Here he describes his research, beginning with neurophysiological measurements of individuals reputed to have attained a measure of spiritual enlightenment. He encountered over 200 related terms such as transcendental consciousness, god consciousness, and unity consciousness.

His primary finding concerned changes that took place deep within the brain. Much was also learned by querying participants as to how they achieved their state of well-being. This led to a specific protocol for enabling people to shift into a state of persistent well-being. He concludes by defining, in everyday language, what the experience of non-symbolic consciousness is like.

New Thinking Allowed host, Jeffrey Mishlove, PhD, is author of The Roots of Consciousness, Psi Development Systems, and The PK Man. Between 1986 and 2002 he hosted and co-produced the original Thinking Allowed public television series. He is the recipient of the only doctoral diploma in “parapsychology” ever awarded by an accredited university (University of California, Berkeley, 1980). He has served as vice-president of the Association for Humanistic Psychology, and is the recipient of its Pathfinder Award for outstanding contributions to the field of human consciousness. He is also past-president of the non-profit Intuition Network, an organization dedicated to creating a world in which all people are encouraged to cultivate and apply their inner, intuitive abilities.

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Diverse approaches to connecting consciousness, healing and transformation

Do you have a passion to bring something new to the world? Is conducting research something that you see yourself doing? Dr. Marilyn Schlitz saw that for herself, and as the Chair for Sofia University’s PhD programs, models that passion with her current research on diverse perspectives in healing.

My goal is to contribute to the emergence of a more sustainable worldview through original research, field formation, education, multi-media communications, and a global network of colleagues. I am eager to harvest 35 years of work on consciousness transformation and healing to contribute to the kind of positive personal and social transformation that is being called for in our times.”

Diverse Perspectives on Healing (Part I)

by Marilyn Schlitz, Ph.D.,  Program Chair at Sofia University for the PhD in Transpersonal Psychology programs

Welcome to Part 1 of a video blog series exploring diverse cultural and religious perspectives on healing. The series is based on interviews I conducted with masters and teachers from the world’s traditions. This unique series will illuminate the diverse approaches to healing as well as the common threads that unite the many distinct practices that connect consciousness, healing and transformation.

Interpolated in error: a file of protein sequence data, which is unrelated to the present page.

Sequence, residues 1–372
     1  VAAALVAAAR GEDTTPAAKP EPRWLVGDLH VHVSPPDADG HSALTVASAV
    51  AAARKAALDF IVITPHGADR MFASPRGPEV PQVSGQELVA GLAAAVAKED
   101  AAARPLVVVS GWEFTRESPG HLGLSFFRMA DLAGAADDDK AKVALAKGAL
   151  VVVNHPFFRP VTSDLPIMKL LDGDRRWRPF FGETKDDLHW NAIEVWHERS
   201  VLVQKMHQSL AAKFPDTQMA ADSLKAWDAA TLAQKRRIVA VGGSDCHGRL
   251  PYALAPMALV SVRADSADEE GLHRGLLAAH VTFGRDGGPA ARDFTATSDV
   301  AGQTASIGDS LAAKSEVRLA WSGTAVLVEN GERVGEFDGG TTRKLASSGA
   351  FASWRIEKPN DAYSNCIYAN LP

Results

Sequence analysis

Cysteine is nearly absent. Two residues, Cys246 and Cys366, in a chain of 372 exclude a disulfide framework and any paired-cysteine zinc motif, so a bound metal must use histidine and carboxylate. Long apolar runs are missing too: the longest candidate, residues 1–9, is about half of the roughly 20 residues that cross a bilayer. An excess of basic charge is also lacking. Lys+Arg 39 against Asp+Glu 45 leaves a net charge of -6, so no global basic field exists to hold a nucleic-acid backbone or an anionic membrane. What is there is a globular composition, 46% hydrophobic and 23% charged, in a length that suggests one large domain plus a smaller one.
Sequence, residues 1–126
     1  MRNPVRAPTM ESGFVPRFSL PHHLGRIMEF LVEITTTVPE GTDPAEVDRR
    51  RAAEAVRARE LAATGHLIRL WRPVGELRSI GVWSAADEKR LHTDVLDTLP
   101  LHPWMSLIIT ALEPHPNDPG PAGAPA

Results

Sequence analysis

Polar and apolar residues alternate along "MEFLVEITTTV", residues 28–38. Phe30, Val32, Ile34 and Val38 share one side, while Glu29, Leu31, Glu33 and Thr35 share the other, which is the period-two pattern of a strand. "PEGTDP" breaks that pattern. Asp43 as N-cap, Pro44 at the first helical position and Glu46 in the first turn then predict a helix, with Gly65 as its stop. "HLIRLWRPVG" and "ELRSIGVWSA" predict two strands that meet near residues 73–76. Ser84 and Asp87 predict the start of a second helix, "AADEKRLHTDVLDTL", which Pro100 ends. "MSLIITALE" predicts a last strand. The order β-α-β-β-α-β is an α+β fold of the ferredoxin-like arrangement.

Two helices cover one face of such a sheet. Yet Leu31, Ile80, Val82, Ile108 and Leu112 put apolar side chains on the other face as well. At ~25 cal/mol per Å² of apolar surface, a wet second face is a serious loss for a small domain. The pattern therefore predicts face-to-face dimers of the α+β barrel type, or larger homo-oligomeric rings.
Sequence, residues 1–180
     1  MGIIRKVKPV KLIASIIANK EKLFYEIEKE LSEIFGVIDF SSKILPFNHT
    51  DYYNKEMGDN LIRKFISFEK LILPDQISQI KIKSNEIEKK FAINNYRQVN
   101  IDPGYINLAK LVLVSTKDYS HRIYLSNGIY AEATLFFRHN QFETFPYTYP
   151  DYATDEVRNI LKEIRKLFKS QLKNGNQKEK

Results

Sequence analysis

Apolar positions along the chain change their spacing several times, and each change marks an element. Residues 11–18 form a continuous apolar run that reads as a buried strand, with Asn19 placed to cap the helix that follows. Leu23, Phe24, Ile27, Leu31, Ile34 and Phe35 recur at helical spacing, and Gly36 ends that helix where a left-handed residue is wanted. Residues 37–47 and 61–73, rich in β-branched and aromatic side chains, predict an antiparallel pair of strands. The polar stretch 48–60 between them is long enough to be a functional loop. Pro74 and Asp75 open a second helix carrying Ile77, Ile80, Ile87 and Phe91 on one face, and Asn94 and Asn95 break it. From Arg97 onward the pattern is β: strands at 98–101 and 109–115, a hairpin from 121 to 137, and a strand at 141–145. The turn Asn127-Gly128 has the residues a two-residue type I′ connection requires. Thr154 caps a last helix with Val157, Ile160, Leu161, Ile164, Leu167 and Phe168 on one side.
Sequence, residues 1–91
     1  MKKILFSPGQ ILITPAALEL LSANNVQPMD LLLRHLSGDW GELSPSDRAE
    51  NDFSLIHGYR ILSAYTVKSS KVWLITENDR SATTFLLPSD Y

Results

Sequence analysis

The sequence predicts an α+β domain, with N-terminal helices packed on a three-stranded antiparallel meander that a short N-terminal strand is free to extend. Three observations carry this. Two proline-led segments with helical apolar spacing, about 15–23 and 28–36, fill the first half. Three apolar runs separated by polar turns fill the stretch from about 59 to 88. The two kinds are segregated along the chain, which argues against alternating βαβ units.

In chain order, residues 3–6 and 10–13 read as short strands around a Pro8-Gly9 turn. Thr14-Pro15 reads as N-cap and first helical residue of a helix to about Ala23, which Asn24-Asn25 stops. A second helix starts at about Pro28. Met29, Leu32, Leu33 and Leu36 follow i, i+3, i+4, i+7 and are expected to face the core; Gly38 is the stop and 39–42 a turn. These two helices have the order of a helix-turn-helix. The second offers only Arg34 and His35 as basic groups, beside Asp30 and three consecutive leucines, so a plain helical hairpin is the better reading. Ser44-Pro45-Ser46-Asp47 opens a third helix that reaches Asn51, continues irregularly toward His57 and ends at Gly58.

In this first video Sylver Quevedo, MD, a professor of comparative healing, speaks of compassion as a defining quality of healers across traditions. Steven Aung, MD, reflects on “loving kindness” and the importance of the mental state of the healer during the act of healing. Lastly, Eric Vormanns relates his practice of Etheric Healing, a tradition that traces back to his home country of Ghana.

click image below to watch video

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Marilyn Schlitz, Ph.D. is a social anthropologist, researcher, writer, and charismatic public speaker. She is currently She is currently the Founder and CEO of Worldview Enterprises. She also serves as President Emeritus and a Senior Fellow at the Institute of Noetic Sciences. Additionally, she is a Senior Scientist at the California Pacific Medical Center, where she focuses on health and healing, and is a board member of Pacifica Graduate Institute.

For more than three decades, Marilyn has been a leader in the field of consciousness studies. Her research and extensive publications focus on personal and social transformation, cultural pluralism, extended human capacities, and mind body medicine. She has a depth of leadership experience in government, business, and the not-for-profit sectors. Her broad and varied work has given her a unique ability to help individuals and organizations identify and develop personal and interpersonal skills and capacities needed by 21st century leaders.

She produced the film Death Makes Life Possible with Deepak Chopra, and wrote a companion book of the same name, published by SoundsTrue. To see her other film credits, click here. To explore her current research projects, click here.

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Overcoming Spiritual Abuse Through Healthy Spiritual Development and Education

screen-shot-2016-10-25-at-6-07-49-pmby Sofia University PsyD student, Michelle Pate, MA, MBA

There are people in the world, including myself, who have been manipulated by toxic church principles of shame, fear, and contempt disguised as love. These principles create a form of mental bondage and a painful existence to those who have been programmed by their church. Getting help to identify these problems can be difficult as therapists in general tend to be secular in their belief system. Many who did not grow up in a toxic church do not understand the deep pain and shame that gets embedded in a person’s psyche. Words like forgiveness, love, grace, soul, God, and salvation get twisted into a psychological bondage to their church rather than freedom from pain as they preach.